Me in the club walking by 16 year old who can’t handle their WKD 💕 @mariahcarey #gtfo
and i always will. you're a legend and your music has literally saved me from death. you're such a gift to this world. thank you for sharing your music with us. ily. 🦋
WTF waking up and there is snow out side , I’m ok with that . Then I need to clean the car from snow , I’m ok with that . Then I need to share the roads with idiots that when they see snow they forgot how to drive , I’m ok with that . Then I open the radio and I hear Maria Carey song “ all I want for Christmas “ , not ok with that fuck you its fucking September all I want for Christmas is your big ass gone from this world
Ok fam so this is lil b. Lil b had a dog knock a light on her when she was about 2-3 days old. I pulled the seedling out of the dirt then replanted it much deeper due to the broken little stem. Then a few days had passed and i was suppose to go to lake george camping for the weekend."what a perfect spot to bring lil b for some rnr.
Of course i brought lil b camping. Right on the water it was beautiful. So now here we are back in vermont few weeks later and b has come around! That's a 32oz bottle for a size comparison. The strain you ask, why bubba trouble of course. Dont worry I have 7 strains starting up so there will be diversity to come. You go lil b.
#greenmountaingrowfam #growautoflowers #greenmountainstate #Vermont #lakegeorge #canabis #canabiscommunity #420 #mariahcarey #lilb #lil #vacation
Mariah Carey - Rainbow (1999)
Single: Heartbreaker, Heartbreaker Remix, Can't Take That Away, Crybaby, Against All Odds, Thank God I Found You.
Best track: After Tonight, How Much, Thank God I Found You.1
Buat fans Mariah atau penikmat R&B mungkin akan menilai album ini bagus. Tapi beda lagi untuk yg awam.
Adalah track pembuka sekaligus lead single. Menduduki no 1 Billboard Hot 100. Lagu ini sih cukup danceable Dan easy listening. Tapi nggak cukup menshowcase vokal Mariah. Lagu ini kebanyakan whisper. Gue juga merasa reff kurang nendang walaupun bisa jadi earworm. Tapi whistle di akhir Lagu plus klimaks Lagu ini sih very incredible and acrobatic! Rap Jay-Z bikin Lagu ini smakin terdengar jelas klo Lagu ini khusus buat Playboy!
2. Can't Take That Away
Lagu ini contrast bgt sama Lagu sebelumnya. Lebih ke arah old school ballad ala Motown. Lagu ini keren dan cukup sulit. Menunjukkan lebarnya range Vocal Mariah, plus resonansi dan mellisma yang.... Weww Tak usah ditanya ya. Dan pesan di lagu ini sangat motivatif.
Lagu ini jauh lebih sulit Karena hampir seluruh lagu isinya Whistle note. A song that proving who Mariah is. Whistle nya, Riff runs nya, harmoninya yang berlapis-lapis plus klimaks di akhir. Lagunya cewek banget, vibes bubblegum R&B kental sekali.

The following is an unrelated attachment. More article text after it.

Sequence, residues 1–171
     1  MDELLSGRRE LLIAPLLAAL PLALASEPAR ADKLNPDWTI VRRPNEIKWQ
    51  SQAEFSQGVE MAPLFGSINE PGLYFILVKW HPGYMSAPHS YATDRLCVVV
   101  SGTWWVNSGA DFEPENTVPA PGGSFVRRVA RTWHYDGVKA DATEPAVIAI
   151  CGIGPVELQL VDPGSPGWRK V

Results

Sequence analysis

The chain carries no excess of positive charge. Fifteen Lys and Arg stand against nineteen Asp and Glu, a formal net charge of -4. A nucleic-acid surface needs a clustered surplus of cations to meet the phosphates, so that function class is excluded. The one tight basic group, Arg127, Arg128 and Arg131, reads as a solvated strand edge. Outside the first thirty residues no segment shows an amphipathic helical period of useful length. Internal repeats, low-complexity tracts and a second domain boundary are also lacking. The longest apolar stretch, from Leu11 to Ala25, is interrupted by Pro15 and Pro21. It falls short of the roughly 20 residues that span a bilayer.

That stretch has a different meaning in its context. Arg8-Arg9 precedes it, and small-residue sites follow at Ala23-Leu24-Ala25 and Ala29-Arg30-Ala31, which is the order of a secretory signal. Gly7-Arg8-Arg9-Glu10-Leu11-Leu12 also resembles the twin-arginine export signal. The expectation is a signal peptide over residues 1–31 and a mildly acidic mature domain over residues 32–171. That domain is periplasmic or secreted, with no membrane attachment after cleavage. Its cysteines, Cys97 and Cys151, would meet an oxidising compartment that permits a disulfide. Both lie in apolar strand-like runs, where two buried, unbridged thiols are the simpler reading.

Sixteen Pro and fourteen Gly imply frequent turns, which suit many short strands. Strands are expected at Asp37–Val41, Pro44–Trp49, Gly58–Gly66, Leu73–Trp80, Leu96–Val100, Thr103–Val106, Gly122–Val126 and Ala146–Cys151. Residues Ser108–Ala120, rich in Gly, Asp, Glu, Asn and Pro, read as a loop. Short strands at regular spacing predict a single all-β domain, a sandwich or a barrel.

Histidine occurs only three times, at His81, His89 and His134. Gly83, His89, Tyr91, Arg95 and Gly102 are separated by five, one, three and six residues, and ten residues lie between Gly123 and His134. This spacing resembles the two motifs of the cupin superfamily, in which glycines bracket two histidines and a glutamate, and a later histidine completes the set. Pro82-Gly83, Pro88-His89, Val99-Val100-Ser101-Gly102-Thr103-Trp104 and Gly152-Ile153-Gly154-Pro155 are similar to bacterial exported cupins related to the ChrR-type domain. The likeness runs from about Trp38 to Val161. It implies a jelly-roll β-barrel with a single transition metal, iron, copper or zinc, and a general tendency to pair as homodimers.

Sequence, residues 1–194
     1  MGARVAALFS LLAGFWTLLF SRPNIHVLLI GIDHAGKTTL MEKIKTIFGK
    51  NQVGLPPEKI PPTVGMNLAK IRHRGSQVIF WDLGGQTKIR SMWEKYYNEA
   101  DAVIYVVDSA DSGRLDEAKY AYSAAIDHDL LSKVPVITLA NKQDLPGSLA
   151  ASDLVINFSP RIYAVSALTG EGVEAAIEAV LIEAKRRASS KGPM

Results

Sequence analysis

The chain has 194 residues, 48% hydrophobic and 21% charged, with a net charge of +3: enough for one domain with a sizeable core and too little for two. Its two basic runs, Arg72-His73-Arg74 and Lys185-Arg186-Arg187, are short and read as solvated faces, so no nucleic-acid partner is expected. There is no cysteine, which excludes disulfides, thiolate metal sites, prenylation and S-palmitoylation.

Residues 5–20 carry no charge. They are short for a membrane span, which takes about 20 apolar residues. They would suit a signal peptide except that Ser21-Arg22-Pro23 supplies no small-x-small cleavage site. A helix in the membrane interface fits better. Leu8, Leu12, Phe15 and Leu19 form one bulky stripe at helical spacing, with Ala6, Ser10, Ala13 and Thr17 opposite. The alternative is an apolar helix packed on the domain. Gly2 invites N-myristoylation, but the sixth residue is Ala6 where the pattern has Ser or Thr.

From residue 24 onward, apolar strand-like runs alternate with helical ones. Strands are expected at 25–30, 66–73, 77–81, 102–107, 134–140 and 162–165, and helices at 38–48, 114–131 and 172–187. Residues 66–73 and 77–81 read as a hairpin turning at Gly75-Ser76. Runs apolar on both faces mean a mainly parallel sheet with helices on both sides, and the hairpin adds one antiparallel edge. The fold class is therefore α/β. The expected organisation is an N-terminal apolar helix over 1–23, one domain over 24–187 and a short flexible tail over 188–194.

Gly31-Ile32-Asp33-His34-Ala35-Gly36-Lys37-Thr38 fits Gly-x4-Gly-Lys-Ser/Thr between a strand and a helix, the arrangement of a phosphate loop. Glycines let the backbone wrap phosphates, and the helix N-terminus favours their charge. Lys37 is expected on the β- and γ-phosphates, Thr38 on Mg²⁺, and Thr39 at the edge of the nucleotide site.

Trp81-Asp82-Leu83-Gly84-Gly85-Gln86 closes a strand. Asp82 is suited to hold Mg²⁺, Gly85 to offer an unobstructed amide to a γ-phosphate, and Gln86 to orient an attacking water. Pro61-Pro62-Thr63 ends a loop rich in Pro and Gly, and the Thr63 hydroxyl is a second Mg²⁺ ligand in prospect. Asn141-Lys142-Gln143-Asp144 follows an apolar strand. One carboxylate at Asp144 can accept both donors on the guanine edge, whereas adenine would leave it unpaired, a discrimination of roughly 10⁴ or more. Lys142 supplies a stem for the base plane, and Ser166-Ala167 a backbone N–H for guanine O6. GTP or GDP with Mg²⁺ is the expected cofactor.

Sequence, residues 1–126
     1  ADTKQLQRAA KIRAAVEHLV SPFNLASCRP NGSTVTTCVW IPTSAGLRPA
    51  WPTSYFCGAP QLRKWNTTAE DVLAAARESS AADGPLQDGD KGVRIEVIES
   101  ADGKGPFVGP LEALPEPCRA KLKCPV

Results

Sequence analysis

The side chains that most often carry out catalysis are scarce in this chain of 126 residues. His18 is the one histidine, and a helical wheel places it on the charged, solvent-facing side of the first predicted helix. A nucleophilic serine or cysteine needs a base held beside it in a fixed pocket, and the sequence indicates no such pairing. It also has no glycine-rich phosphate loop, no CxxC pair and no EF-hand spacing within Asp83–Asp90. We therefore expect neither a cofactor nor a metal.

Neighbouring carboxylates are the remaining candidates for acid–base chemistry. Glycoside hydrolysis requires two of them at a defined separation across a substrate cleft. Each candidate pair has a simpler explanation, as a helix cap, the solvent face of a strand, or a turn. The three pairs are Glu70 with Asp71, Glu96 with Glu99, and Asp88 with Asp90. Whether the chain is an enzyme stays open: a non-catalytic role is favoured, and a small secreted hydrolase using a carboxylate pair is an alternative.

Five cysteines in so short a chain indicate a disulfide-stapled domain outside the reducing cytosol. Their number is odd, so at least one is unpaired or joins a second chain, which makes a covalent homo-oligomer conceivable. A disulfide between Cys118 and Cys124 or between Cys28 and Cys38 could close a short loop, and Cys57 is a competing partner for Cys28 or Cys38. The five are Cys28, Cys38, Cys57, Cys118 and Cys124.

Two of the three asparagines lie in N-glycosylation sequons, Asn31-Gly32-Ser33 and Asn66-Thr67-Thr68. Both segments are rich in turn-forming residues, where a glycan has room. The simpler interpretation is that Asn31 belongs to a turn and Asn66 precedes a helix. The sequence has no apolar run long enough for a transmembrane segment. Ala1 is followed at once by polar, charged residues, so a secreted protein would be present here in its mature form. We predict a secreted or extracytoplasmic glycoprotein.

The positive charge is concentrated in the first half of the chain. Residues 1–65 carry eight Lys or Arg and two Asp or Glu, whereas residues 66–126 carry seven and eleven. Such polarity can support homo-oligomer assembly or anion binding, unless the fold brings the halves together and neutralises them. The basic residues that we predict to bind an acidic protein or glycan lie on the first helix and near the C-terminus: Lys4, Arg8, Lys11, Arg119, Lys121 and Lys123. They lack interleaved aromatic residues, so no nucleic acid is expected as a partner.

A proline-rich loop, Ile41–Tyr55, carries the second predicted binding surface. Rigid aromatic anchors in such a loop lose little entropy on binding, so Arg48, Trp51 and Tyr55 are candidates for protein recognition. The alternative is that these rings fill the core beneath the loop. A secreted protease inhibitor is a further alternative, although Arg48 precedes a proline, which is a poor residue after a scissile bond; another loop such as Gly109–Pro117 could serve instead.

4. How Much (feat. Usher)
Asli ini lagu keren banget Dan lebih cocok jadi lead single buat gue. Kenapa? Danceable Dan aesthetic! Dimulai nada rendah di awal Lagu, sampai di akhir Naik ke klimaks. Lagu ini menyuguhkan sisi Urban R&B Mariah yg blm bnyak diketahui orang. Plus duet dg Usher bikin lagu ini Makin seksi.
5. After Tonight
Sama seperti My All, lagu ini terinfluence oleh lagu-lagu Latin. Lagu ini keren banget dan berpotensi buat jadi single. Bagian klimaks adalah yg paling gue suka walau agak mess.
Lagu ini kentara banget vibes Urban R&B nya. Dan cukup jadi earworm. Cuman Sayang durasinya terlalu panjang dan jatuhnya jadi bosan Kalo denger lagu ini. Tapi Bagian bridge keren banget lho. Trs lirik lagu ini juga Aesthetic.
Lanjut di komen ya 😀😊
I'm so ready😍🔥 today's the day MC will be performing @iheartfestival
| Check my last post to see how you can watch‼️
Follow me @mariahelite
Few people/things have had the impact Mariah Carey's Butterfly album has had on my life. I look back at the boy who gleefully bought this album without knowing how important it would be to his adolescence. I've never been the most open person, but during that time I kept everything inside (doubts, insecurities, fears). In my teens, my differences made me feel isolated, as there was no one whom could understand me. I've always longed for the feeling that someone would "get" me, and accept me. I heard the song "Outside," and I was immediately left in tears (the song still makes me cry without fail). Carey had written the song about not fitting in, but in her case it was due to her multi-racial background. Every word had rung true to me. It was the first time I'd felt like someone understood what I had been feeling for the longest time. The album was filled with other songs such as "Breakdown," "Close My Eyes," and "Fly Away," which spoke deeply to me. The title track spoke about letting something/someone go. As someone who came from a rather dysfunctional upbringing, letting go has always been challenging for me. I listened to "Butterfly" repeatedly in 2017, as two amazing friends were leaving for a new city. The song gave me strength, and at times was just the soundtrack to my tears as the date approached. Thank you Mariah Carey for being brave enough to bare your soul with us. You'll never know how important this album was/is to my life. You gave me a best friend when I needed it most. You gave me a record that I will love until my last breath. Thank you, @mariahcarey
While the album's cover depicts a utopian vision as we are embraced by not one, but three Mariahs, Memoirs of an Imperfect Angel is one of her most divisive efforts. Carey working with just a single production team (something quite rare for an artist of her stature) gives the record stylistic cohesion, a unified message, and can be a tad too predictable.
Her voice, with its many peaks and valleys, has always been her calling card. But Memoirs of an Imperfect Angel,’ her 12th album, presents her as more of an emotive vocalist and not just a singer with an impressive range. Make that Mariah Carey, song stylist.